You have just been handed a subpoena ordering you to appear for a deposition. You may be intimidated and, perhaps, frightened. Don’t worry, these reactions are common. This article will hopefully give you a better understanding of what to expect, how to conduct yourself during a deposition, and relieve some stress associated with the process.
What is a Deposition?
A deposition is part of the discovery process in a lawsuit. It is the sworn testimony of a person that is a party to the lawsuit or a person who is believed to hold information related to a lawsuit. With certain exceptions, an attorney in a lawsuit may take the deposition of any person whom they believe has knowledge pertinent to the facts and claims in the lawsuit. The deposition will often take place in an attorney’s office with the parties to the case, their respective attorneys, and a court reporter. A deposition may be recorded via video, audio recording, or both. The primary purpose of a deposition is to obtain information from the person testifying as to the events surrounding the subject of the lawsuit. Subject to only a few exceptions, the information sought may include, but is not limited to, eyewitness accounts, financial records, photographs, medical history, employment history, and any other information related to the facts or claims in the underlying lawsuit.
Preparation is the key to a successful deposition. Upon receiving notice that you are going to be deposed, immediately notify your attorney. If you do not have an attorney and need assistance finding an attorney, you can contact your local bar association for an attorney referral. A deposition requires intense concentration and can be extremely tiring. Be sure to get plenty of rest the night before your deposition. Your attorney will likely meet with you to give you an overview of what will happen during the deposition and go through expected questions. Unless instructed by your attorney, do not take it upon yourself to do any research or review any documents for your deposition.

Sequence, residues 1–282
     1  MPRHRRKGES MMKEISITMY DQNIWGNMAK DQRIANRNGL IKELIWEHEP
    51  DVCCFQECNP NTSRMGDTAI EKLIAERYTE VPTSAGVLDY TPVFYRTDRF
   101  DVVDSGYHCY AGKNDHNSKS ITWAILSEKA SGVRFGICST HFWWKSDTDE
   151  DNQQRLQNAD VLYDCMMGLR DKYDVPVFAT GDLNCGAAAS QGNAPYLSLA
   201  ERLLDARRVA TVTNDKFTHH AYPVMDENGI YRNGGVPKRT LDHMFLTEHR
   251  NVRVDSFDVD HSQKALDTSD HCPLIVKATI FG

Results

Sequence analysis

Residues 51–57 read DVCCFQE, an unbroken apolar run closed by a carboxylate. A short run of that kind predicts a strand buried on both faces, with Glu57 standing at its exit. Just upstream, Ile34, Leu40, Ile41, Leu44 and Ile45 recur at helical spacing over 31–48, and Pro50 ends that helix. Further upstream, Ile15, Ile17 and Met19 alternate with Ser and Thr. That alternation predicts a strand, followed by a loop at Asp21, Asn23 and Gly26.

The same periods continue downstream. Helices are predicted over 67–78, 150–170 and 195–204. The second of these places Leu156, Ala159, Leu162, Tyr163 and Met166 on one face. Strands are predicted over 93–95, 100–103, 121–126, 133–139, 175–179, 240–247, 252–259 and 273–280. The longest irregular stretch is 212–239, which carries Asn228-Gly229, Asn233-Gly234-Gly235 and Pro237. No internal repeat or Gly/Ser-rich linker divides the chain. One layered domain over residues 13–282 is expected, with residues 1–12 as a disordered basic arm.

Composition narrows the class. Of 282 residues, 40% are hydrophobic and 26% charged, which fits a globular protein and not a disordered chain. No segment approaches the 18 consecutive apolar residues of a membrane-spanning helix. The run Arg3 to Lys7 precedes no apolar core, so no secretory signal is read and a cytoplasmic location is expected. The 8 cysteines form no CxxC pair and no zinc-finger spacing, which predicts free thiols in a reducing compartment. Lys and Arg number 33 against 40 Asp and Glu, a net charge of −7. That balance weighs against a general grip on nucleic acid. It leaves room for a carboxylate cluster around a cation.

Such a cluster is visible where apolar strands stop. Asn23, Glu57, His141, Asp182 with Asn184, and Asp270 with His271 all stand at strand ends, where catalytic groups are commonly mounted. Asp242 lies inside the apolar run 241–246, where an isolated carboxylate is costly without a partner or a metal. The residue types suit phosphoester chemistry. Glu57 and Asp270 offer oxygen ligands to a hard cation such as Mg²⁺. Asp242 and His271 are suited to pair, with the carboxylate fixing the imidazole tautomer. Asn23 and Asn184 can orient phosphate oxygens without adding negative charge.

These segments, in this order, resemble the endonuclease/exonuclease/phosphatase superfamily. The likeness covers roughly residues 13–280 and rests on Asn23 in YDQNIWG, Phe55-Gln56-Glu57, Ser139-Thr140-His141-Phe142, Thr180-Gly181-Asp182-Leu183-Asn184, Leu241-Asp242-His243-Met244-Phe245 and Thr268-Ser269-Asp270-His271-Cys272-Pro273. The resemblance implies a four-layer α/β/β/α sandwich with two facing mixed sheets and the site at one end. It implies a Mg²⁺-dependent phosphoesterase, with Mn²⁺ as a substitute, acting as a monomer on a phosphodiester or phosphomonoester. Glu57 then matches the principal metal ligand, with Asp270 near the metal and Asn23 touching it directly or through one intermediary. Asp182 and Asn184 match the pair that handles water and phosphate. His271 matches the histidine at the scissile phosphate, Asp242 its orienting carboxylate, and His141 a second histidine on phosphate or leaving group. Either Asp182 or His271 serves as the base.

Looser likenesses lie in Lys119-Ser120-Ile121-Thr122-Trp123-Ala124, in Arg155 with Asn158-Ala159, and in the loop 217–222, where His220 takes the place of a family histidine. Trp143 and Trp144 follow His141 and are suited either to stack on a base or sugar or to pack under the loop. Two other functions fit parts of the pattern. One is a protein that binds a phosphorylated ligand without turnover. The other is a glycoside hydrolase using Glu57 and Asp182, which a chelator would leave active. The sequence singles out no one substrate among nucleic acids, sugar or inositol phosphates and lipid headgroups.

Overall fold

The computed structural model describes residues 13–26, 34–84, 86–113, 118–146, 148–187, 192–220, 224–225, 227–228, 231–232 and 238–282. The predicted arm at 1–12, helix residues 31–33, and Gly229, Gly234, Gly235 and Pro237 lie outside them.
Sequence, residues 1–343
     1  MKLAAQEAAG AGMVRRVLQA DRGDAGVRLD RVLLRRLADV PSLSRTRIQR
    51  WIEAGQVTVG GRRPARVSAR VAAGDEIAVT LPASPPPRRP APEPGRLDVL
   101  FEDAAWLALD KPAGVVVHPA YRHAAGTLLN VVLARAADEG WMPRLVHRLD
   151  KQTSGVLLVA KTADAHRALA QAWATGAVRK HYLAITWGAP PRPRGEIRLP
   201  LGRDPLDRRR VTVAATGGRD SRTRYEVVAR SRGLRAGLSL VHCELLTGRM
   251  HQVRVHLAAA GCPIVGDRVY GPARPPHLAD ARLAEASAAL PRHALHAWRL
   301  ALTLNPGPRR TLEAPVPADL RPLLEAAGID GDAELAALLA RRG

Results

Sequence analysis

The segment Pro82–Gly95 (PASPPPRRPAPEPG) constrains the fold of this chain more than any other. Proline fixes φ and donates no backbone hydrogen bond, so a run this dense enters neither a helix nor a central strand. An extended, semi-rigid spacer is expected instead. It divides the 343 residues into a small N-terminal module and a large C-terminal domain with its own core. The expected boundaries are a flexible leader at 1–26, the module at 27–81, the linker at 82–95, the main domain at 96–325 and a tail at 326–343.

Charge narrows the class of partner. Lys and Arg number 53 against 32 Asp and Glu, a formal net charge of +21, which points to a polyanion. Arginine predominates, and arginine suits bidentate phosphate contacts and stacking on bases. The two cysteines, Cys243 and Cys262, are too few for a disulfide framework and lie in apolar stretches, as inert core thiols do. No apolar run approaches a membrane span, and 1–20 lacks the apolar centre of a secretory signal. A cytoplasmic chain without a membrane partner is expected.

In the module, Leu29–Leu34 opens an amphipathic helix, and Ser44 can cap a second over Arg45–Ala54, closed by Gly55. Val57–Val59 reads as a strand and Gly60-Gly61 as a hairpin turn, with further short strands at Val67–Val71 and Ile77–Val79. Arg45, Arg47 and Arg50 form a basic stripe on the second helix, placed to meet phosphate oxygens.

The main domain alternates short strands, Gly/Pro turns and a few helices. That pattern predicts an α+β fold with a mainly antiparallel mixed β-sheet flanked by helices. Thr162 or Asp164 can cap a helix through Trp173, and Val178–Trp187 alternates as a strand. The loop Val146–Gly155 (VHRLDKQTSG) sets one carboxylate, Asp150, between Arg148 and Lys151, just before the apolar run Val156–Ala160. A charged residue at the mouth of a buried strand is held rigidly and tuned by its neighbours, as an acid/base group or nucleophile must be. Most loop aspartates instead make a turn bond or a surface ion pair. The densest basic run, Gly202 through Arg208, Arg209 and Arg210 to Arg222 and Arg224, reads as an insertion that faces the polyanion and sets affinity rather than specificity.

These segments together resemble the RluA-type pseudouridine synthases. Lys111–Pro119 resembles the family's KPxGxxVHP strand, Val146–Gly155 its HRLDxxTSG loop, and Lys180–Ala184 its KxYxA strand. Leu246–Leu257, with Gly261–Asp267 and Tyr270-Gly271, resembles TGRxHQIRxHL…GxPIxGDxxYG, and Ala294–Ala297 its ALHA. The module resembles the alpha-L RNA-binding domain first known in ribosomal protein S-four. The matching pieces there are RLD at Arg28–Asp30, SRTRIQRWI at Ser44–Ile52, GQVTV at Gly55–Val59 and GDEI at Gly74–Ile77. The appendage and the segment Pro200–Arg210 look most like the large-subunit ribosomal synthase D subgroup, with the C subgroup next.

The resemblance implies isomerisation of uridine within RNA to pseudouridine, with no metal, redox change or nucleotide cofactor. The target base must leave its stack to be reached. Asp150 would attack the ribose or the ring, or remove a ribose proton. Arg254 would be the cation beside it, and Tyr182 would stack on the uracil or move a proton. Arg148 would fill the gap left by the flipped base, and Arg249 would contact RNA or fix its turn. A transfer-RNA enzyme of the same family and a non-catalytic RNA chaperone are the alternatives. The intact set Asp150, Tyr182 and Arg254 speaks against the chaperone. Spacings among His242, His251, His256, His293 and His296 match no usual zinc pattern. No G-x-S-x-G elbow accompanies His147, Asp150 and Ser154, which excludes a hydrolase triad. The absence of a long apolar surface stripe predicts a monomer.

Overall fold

Certain jurisdictions have time limits on the length of a deposition. In some cases, the attorney questioning you will give an approximate time frame as a professional courtesy. The length of the deposition may also depend on your responses. Your responses may open up new lines of questioning.
You should come to the deposition dressed as you would if you were testifying in court. If you are a professional you should wear business attire. If you don’t normally wear a suit and tie you should dress in nice casual clothing. Remember the opposing counsel is attempting to “size you up” as a witness, and you should try to give the best impression possible. If you have any questions about how to dress for your deposition ask your attorney.
Be Truthful and Concise